Whether Aquinas was indeed capable of dictating something legible from sleep is questionable; he could have appeared as if in sleep at a state of extreme concentration. This is at least an explanation that would be favoured nowadays by those scientists who doze off in research seminars and then wake up to the applause to ask a question. Naturally, information about past memory feats and mnemonists is mostly anecdotal. However, we do have data on more recent cases (Stratton 1917; Luria 1969; Hunter 1977, 1978; Thompson et al. 1993; Brown and Deffenbacher 1995). From this information, based on only a small number of mnemonists, one could draw a conclusion that there are different mnemonic strategies. Compare, for example, the patient Shereshevskii of Luria (1969), and Professor Aitken, a mathematician, mental calculator, and mnemonist (Hunter 1977). Whereas Shereshevskii's mnemonics was of the classical type (see above), using imagery and forming a rich perceptual chain to link and retrieve information, Aitken formed a rich conceptual map to encode and retain his memory (ibid.).1 Another conclusion is that some exceptional mnemonists display pathological traits, even to the degree of becoming 'idiot savants',2 whereas others are apparently normal. For example, Shereshevskii led a rather miserable life and couldn't adjust to any profession (Luria 1969). Aitken was a professor of mathematics and it is left for the reader to judge whether this is entirely normal. And Rajan Srinivasan Mahadevan, who in 1981 recited from memory the first 31811 digits of n and entered the Guinness Book of World Records, was described as a 'decently normal', 'average to above-average student' of cognitive psychology (Thompson et al. 1993). It would be of great interest to find out which brain systems subserve the performance of mnemonic feats like these of Shereshevskii, Aitken or Mahadevan. Do they use the same brain systems as do individuals with an average memory on the same task? "Functional neuroimaging of mnemonists could provide the answer (Pesenti et al. 2001).

Can ordinary individuals with an average memory become memory experts? It is useful to remember that practice and the perfection of "skill are bound to improve the skill-related aspects of memory. Experts do usually have a markedly larger task-related memory than novices in their field of expertise. Take chess as an extreme example. Master chess players clearly outperform novices or middle-range players, and some chess experts can remember as many chess positions as the above mentioned number of loci in the memory of the legendary Peter of Ravena (Chase and Simon 1973). What is it that turns the expert's memory, or the use of memory, so good? The elementary "capacity of memory probably remains the same, but the use of "metamemory, the chunking of information, the retrieval from long-term stores, and the switching from short-term to long-term stores and back, could improve tremendously (Chase and Simon 1973; Hirst 1988; Pesenti et al. 2001; "working memory). An improvement in chunking and retrieval rather than in capacity was also detected in controlled laboratory experiments, in which subjects succeeded in improving 10-fold their performance on digit span tests (Chase and Ericsson 1982).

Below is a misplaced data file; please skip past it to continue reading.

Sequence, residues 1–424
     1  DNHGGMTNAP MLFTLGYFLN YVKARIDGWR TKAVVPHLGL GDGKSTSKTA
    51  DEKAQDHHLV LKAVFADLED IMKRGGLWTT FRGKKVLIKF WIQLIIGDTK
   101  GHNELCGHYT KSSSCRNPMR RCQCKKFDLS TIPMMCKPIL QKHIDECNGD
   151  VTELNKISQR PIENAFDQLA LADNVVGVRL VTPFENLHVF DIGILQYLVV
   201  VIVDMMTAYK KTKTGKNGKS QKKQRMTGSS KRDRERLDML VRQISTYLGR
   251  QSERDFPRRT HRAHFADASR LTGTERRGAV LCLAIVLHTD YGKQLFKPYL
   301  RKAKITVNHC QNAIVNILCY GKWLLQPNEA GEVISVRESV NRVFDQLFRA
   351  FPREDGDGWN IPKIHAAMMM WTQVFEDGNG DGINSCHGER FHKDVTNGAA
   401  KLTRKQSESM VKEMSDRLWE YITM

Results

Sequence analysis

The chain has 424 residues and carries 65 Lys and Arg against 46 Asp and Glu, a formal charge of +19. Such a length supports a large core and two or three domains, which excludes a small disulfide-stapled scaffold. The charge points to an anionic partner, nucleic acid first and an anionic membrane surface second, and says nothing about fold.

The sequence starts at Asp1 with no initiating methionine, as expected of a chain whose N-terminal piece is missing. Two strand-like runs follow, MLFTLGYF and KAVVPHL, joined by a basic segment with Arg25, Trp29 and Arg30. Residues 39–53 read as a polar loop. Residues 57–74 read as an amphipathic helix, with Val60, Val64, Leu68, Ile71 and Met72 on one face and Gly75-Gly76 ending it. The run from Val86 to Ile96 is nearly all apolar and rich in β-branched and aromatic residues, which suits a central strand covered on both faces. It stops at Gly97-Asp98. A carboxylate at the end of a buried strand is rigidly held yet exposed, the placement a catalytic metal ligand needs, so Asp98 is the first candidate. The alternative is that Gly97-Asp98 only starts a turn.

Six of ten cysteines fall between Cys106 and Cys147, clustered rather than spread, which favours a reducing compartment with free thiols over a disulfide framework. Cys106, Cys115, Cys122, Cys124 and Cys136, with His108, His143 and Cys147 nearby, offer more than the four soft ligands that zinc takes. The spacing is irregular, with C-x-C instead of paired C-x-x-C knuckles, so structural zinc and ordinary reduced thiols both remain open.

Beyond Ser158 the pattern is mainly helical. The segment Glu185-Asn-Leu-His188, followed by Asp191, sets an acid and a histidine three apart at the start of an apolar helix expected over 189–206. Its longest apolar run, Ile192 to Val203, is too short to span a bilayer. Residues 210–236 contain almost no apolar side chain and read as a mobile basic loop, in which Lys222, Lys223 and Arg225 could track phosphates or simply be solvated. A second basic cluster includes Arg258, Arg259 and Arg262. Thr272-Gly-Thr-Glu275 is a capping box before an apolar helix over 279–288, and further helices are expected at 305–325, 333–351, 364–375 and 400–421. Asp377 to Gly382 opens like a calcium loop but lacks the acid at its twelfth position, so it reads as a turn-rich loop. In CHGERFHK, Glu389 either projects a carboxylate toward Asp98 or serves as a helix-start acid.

All this suggests that practice, combined with personal mnemonic strategies for chunking, tagging, and association, could improve an average memory (Loisette 1899; Rawles 1978; Hirst 1988; Hertzog 1992). Here are some hints. "Spaced training could be useful. Test-type rehearsals instead of straightforward repetitions could be useful as well, for example, in assigning names to faces and thus preventing social embarrassment in parties (Landauer 1988). In the future, memory enhancing chemicals ("nootropics) and bionic gadgets might become available as well, but this is not really bona fide mnemonics any more.

Do we really wish to expand our memory, and if so, to what extent? A modest memory improvement is likely to be beneficial. But remembering too much could mean a decline in the ability to "generalize and to focus on important data. This is another manifestation of the general maxim of "performance, which states that moderation is the key to success. The sad life of Shereshevskii, who was overwhelmed by details and could not generalize, hints at the potential disadvantage of remembering much too much (Luria 1969; Dudai 1997a).

Selected associations: Capacity, Metamemory, Nootrop-ics, Performance, Real-life memory

1Borges, in the marvellous story about Ireneo Funes who lost the ability to forget after being thrown off a horse (1944), endowed the fictitious hero with a mnemonic system in between that of Aitken and that of Shereshevskii: a mental idiosyncratic vocabulary of all the mental images ever encoded in the brain.

2Idiot savant (French for 'learned idiot') is a mentally impaired individual who exhibits genius in a highly specialized area, such as calculation or painting (Treffert 2000).